The study of the neutrino oscillation between its different flavours needs pure and very intense flux of energetic, well collimated neutrinos with a well determined energy spectrum. So, a dedicated machine seems necessary nowadays. Among the different concepts of neutrino facilities, the one which will be studied here, called Beta-Beams, lies on the neutrino production by beta decay of radioactive ions after their acceleration. More precisely, the thesis is focused on the study and the design of the race-track-shaped storage ring of the high energy ions. Its aim is to store the ions until decaying. After a brief description of the neutrino oscillation mechanism and a review of the different experiments, an introduction to the neutrino facility concept and more precisely to the Beta-Beams will be given. Then, the issues linked to the Beta-Beams will be presented. After a description of the beam transport formalism, a first design and the optical properties of the ring will be then given. The effects of the misalignment and of the field errors in the dipoles have been studied. The dynamic aperture optimization is then realized. Handling of the decay losses or the energy collimation scheme will be developed. The off-momentum injection needed in presence of a circulating beam will be explained. Finally, the specific radiofrequency program needed by the beam merging will be presented. (author)

  8. Mammography Facilities

    Data.gov (United States)

    U.S. Department of Health & Human Services — The Mammography Facility Database is updated periodically based on information received from the four FDA-approved accreditation bodies: the American College of...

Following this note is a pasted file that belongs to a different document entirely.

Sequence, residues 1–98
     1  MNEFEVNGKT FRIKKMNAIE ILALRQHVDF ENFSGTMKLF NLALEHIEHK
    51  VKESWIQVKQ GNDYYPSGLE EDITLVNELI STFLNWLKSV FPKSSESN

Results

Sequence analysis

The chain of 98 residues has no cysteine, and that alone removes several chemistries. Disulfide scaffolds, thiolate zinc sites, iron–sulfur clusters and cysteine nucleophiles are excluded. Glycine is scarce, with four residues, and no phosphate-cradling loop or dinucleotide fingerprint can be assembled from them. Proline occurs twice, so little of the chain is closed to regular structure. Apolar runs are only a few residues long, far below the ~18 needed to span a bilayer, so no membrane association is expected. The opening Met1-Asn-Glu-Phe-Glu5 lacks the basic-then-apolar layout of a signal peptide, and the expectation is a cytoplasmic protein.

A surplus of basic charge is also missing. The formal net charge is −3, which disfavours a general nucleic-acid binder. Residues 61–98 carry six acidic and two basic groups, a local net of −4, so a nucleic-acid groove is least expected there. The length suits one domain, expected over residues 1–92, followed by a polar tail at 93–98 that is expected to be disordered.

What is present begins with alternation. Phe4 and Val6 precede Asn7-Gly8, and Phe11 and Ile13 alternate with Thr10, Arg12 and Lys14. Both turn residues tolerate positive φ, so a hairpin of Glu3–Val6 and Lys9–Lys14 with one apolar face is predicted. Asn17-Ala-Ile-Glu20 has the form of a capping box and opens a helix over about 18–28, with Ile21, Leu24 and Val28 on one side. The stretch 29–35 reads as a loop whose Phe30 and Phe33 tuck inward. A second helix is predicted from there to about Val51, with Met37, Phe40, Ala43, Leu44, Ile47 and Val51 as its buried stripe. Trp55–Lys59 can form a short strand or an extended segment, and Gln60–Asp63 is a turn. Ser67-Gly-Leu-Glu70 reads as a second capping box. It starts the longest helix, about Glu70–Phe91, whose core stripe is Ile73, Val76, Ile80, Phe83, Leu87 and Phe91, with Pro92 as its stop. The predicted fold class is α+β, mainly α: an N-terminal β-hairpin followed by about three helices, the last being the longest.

9. Canyon Facilities

    Data.gov (United States)

    Federal Laboratory Consortium — B Plant, T Plant, U Plant, PUREX, and REDOX (see their links) are the five facilities at Hanford where the original objective was plutonium removal from the uranium...

  10. Poster: The EURISOL Beta-beam facility

    CERN Document Server

    The beta-beam concept for the generation of an electron (anti-)neutrino beam was proposed by Piero Zucchelli (CERN) in 2002. A first study of the possibility of using the existing CERN machines for the acceleration for radioactive ions to a relativistic gamma of roughly 100, for later storage in a new decay ring of approximately the size of SPS, was made in 2002. The results from this very first short study were very encouraging.In 2004 it was decided to incorporate a design study for the beta-beam within the EURISOL DS proposal. EURISOL is a project name for a next-generation radioactive beam facility based on the ISOL method for the production of intense radioactive beams for nuclear physics, astrophysics and other applications. The proposal was accepted with the beta-beam task as an integral part. The design study officially started 1 February 2005 and will run for 4 years resulting in a conceptual design report for a beta-beam facility.